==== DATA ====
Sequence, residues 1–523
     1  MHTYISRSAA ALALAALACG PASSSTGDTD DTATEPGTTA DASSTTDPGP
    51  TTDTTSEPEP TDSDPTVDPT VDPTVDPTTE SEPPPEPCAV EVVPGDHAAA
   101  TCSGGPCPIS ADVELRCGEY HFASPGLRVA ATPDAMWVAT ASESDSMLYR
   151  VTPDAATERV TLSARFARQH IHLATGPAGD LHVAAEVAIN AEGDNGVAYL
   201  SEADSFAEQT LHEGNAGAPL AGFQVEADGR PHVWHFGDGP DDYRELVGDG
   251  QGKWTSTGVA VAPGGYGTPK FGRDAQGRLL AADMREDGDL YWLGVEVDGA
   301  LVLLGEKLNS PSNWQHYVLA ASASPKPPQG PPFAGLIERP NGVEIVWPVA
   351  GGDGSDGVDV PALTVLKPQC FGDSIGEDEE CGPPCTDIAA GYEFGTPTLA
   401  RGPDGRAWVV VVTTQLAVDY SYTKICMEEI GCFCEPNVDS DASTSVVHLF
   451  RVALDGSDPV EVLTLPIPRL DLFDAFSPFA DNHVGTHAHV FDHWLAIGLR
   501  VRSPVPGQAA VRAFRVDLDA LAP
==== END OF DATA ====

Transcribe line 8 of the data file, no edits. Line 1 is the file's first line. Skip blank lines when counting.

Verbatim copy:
   301  LVLLGEKLNS PSNWQHYVLA ASASPKPPQG PPFAGLIERP NGVEIVWPVA